15. Virtually all my gouges are Victorian-era and stamped: S.J Addis, J.B. Addis, Herring Bros, Marples, Ward & Payne etc. The oldest is stamped Gravel Lane, Southwark is an S.J. Addis dating from the 1850's. I was lucky enough to purchase these online or in antique shops for less than the going rate of modern gouges (visiting the UK helps!). I also acquired my scroll gouges from Karlsson at a time when they didn't cost an arm and a leg. Are they any better than modern stuff from Dastra, HT, Ashley Iles? In some cases yes. But they require more time to setup and I'm just as happy using the few modern Dastra and Ashley Iles I have on hand. It is so easy to buy the wrong stuff online. One really needs to feel the gouges first hand and compare to arching and fluting radii of the models you are working from. Like many, I've purchased far more than I need
  16. To accelerate warming with the Lee valley pot mentioned above - I just use boiled water in the double boiler and let it cool for a few min before i put on the warming plate. Since the LV pot is quite thick, i can bring it up to a constant temp in a few min this way.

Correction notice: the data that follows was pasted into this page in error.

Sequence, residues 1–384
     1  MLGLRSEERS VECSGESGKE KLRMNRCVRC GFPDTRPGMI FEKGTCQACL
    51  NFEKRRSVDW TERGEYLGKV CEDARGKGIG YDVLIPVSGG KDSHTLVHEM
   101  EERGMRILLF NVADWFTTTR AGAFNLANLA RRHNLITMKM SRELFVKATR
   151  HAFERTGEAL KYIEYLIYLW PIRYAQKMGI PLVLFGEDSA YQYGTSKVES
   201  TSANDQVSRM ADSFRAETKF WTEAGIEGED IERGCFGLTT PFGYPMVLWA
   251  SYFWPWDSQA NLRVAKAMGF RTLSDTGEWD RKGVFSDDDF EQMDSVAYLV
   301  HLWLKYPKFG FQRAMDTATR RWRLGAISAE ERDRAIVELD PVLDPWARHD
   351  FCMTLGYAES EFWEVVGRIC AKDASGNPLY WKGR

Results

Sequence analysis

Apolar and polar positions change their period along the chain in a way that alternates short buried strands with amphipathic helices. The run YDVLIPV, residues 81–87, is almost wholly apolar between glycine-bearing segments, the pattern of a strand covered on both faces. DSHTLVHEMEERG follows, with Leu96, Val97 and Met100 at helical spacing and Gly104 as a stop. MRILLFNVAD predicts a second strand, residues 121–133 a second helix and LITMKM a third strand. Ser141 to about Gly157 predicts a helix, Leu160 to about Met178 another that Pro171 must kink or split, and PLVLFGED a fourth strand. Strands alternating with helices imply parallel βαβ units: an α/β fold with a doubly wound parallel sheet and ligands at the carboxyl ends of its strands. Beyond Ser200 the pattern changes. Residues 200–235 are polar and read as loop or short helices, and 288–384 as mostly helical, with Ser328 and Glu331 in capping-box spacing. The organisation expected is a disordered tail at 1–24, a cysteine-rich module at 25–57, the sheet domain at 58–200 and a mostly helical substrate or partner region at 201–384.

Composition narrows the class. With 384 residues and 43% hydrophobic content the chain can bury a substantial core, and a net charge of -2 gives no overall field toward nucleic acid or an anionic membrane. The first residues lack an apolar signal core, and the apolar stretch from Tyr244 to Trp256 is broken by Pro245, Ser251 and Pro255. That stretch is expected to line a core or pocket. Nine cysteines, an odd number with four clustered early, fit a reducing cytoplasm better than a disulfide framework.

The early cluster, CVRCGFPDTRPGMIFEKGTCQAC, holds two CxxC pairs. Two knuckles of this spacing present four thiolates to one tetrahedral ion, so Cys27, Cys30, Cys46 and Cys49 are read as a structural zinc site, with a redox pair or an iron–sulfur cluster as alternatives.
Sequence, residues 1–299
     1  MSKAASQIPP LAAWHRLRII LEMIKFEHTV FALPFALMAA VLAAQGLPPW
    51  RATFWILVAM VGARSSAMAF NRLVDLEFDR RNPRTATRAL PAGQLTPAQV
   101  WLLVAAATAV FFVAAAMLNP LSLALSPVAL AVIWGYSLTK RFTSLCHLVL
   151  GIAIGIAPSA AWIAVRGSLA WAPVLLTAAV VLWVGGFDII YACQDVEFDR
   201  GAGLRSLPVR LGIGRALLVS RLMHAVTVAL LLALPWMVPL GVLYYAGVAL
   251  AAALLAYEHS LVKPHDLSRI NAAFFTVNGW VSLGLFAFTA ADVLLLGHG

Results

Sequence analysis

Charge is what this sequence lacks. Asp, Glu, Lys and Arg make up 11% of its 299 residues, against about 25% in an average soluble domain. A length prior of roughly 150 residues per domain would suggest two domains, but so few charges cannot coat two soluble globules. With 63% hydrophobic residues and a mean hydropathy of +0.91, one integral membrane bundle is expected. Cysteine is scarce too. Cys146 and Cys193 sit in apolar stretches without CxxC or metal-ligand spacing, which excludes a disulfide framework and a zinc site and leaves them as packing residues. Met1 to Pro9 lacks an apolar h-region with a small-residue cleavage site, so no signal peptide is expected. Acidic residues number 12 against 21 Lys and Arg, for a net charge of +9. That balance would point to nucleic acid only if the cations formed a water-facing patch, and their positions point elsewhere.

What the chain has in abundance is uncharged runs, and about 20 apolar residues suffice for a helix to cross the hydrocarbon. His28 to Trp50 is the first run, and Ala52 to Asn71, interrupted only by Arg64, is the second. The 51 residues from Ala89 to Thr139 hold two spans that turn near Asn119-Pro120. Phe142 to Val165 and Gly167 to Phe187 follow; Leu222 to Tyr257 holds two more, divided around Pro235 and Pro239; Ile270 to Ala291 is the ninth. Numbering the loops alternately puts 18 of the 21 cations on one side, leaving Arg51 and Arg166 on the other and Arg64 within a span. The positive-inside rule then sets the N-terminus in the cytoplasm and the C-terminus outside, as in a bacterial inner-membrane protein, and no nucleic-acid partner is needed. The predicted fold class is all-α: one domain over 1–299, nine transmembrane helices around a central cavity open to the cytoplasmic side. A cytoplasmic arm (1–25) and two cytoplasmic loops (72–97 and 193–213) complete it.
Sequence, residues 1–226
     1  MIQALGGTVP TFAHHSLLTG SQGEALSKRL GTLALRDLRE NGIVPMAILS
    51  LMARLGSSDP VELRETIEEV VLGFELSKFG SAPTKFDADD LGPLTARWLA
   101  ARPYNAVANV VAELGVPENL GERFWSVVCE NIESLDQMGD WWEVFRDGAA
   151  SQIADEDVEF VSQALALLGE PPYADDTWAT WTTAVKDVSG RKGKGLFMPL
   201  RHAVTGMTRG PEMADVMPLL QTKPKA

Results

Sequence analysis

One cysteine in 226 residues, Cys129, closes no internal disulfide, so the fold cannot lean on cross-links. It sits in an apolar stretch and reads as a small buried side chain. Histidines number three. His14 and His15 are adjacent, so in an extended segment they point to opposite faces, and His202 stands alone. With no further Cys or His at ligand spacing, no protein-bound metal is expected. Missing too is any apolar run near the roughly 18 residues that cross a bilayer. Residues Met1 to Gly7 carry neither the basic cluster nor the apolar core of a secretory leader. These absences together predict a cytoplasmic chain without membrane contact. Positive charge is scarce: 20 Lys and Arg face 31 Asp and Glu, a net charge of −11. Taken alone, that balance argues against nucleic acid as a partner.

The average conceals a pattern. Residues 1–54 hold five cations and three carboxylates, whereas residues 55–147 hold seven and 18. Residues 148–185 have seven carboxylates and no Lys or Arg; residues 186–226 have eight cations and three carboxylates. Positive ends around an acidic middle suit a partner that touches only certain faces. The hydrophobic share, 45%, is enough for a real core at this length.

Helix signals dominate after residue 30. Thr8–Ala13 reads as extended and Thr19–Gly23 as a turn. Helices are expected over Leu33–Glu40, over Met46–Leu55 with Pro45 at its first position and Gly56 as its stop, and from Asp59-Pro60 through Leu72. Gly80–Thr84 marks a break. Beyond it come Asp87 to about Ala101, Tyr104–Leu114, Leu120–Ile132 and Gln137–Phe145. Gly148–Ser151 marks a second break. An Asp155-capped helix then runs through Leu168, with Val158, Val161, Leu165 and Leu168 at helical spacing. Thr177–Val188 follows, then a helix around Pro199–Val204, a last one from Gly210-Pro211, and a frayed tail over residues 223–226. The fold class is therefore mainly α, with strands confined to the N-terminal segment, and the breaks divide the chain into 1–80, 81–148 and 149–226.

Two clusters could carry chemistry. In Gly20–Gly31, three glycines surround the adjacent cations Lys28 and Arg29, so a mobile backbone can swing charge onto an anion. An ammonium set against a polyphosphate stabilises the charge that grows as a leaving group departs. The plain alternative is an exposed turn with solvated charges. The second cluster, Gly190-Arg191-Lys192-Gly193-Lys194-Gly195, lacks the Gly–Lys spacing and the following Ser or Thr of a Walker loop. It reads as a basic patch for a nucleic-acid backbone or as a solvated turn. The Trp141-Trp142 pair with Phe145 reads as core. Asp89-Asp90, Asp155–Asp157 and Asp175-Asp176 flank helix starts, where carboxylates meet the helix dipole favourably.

17. I have one and it works flawlessly. Just keep an eye on the glue temperature with a heat probe. Looks nice too!
  18. That was a real treat to re-watch! I was talking with RH a couple weeks back and he mentioned Joe and this video. I saw it when it aired years ago but didn't know it was on line. Thanks for posting
  19. I have a 19thc 'german trade' cello that succumbed to the same fate over the years. Winters in Canada are brutal - cold and very dry.
  20. Being in Canada going to Lee Valley is like going to the corner store! I wish they would invest in making knives and gouges out of PMV11. (the 11 by the way is a spinal tap reference
  21. Geez remind me to stop reading your posts David Good thread idea @Rachell66. here are a few of my favourites Melvin Goldsmith Helen Michetschläger Guy Rabut Neil Ertz And if you want to make - Davide's You tube channel https://www.youtube.com/channel/UCggqGrdYUEovaC9UKnSMD3g Roger's bass book https://www.roger-hargrave.de/Seiten/english/Bibliothek/Bibliothek.htm
  22. That would be me! Thanks for the heads up. I've moved my post to the correct thread.